A brain dump can help you get your thoughts down on paper and increase your self-awareness, which can decrease stress.
You’ve probably heard productivity experts and online entrepreneurs talk about “brain dumps” as a way to boost focus and get more organized. But what, exactly, is brain dumping?
Brain dumping is similar to journaling, with the key difference being that it’s time-limited. InsProponents of brain dumping say that its benefits include:ad of focusing on writing about one event, brain dumping allows you to get down all of your thoughts in a speedy manner (usually within 5 or 10 minutes).
The idea is that when you get all of the thoughts crowding your head on paper, you free up space in your brain to be productive and learn new things.
But does it really work? Here’s what you should know.
What is a brain dump?
Brain dumping is a technique taught by productivity specialists. There isn’t a psychological definition for a brain dump, but the Merriam-Webster dictionary provides the following definition:
“the act or an instance of comprehensively and uncritically expressing and recording one’s thoughts and ideas (as on a particular topic).”
Basically, a brain dump is the act of writing down everything that comes to mind on a particular topic. Its proponents describe it as a way to get all of your thoughts and ideas down on paper and free up space in your brain.
People who brain dump usually set a time limit (of 5 or 10 minutes), and get down all of their thoughts on paper.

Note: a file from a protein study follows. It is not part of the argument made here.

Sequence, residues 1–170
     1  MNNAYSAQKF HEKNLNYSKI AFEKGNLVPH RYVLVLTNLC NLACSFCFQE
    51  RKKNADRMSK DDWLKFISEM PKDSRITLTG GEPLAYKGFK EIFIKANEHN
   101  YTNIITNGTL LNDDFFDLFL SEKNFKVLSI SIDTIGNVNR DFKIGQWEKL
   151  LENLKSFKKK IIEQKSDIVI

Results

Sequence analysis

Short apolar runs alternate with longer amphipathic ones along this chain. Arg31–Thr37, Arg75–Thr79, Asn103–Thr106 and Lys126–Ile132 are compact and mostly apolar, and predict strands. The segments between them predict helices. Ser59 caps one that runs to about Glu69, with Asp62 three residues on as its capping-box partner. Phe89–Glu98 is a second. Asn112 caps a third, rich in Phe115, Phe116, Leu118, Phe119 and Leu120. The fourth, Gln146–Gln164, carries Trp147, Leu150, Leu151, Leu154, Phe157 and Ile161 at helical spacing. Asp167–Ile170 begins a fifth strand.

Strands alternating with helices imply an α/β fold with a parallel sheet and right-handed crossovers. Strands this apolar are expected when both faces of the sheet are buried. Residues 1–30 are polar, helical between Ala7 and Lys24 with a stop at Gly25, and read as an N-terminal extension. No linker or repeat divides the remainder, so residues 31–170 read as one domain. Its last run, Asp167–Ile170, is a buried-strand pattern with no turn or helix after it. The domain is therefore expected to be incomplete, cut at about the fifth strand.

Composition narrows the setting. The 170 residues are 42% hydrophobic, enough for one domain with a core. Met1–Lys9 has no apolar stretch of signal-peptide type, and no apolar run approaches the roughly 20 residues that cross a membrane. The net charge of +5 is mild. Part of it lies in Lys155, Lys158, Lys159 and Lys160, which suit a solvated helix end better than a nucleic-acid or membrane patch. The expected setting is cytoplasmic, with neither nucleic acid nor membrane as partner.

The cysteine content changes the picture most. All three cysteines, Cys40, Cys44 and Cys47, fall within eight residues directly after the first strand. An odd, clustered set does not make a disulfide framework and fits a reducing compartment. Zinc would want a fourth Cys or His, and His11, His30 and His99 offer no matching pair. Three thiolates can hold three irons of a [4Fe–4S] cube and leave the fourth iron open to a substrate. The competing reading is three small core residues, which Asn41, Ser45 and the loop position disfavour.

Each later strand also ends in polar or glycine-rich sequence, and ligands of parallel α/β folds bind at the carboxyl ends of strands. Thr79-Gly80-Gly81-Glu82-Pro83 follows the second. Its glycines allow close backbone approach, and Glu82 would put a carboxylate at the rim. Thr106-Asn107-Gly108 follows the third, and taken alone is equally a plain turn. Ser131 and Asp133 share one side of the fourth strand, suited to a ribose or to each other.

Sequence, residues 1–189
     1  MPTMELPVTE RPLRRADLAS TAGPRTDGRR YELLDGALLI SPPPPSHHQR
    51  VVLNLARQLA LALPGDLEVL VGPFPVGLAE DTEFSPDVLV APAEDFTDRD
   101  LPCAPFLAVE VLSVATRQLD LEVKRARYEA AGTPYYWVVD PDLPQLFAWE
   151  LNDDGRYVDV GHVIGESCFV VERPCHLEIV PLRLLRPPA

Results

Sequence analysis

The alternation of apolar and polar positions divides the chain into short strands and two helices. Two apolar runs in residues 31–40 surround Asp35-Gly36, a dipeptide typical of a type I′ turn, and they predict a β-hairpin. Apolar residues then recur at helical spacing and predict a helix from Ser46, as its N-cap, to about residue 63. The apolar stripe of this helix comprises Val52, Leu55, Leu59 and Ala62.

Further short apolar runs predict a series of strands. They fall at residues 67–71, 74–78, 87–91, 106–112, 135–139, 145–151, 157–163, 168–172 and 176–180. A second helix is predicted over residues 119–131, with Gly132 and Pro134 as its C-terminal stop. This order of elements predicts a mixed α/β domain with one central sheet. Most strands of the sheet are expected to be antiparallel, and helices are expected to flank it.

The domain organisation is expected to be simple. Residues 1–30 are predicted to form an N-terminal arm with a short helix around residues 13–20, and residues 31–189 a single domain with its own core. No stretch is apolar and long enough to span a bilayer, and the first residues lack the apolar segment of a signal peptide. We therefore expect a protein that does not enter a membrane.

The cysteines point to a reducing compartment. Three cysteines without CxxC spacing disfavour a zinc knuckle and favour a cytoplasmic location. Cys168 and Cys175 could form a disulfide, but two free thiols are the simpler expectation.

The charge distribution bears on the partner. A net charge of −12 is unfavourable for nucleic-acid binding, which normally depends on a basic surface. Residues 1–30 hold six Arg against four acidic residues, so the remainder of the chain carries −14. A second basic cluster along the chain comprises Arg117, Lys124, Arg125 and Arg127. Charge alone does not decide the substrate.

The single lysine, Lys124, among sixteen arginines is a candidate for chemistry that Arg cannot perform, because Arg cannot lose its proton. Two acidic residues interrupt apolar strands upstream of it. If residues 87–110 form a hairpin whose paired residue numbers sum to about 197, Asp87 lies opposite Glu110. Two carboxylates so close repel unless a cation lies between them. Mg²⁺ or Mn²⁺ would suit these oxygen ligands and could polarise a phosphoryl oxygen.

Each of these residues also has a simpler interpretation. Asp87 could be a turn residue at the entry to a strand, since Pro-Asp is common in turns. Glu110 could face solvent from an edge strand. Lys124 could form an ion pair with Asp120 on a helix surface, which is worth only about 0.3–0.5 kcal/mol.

Benefits of brain dumping
Proponents of brain dumping say that its benefits include:
- helping you remember what you need to accomplish each day
- clearing up headspace to learn more information
- organizing your thoughts
- improving focus and concentration
- increasing self-awareness of thoughts and feelings
- may decrease stress
It’s important to note that the evidence supporting the benefits of brain dumping is limited.
There is more research about the effects of journaling. A 2002 study found that journaling about thoughts and feelings may have some mental health benefits. But focusing only on negative feelings while journaling was correlated with more severe symptoms of mental illness.
A 2022 meta-analysis found that journaling could be moderately effective for certain mental health conditions, but we need more research to be able to say for sure.
It’s likely that, like journaling, the benefits of brain dumping depend on several factors — like what, exactly, you’re writing and what you’re thinking about.
Types of brain dumps
There are many ways to utilize the “brain dump” technique to organize your thoughts and reduce stress. Here are a few we suggest.
Start-of-the-day brain dump
This is the way most people use brain dumps to improve focus and productivity.
At the beginning of your day, take out your brain dump notebook and start writing with no specific direction in mind.
There are no rules. You can get out all of your thoughts by writing things, such as:
- all of the tasks that you need to accomplish today
- thoughts that are holding you back
- ideas that you’re excited about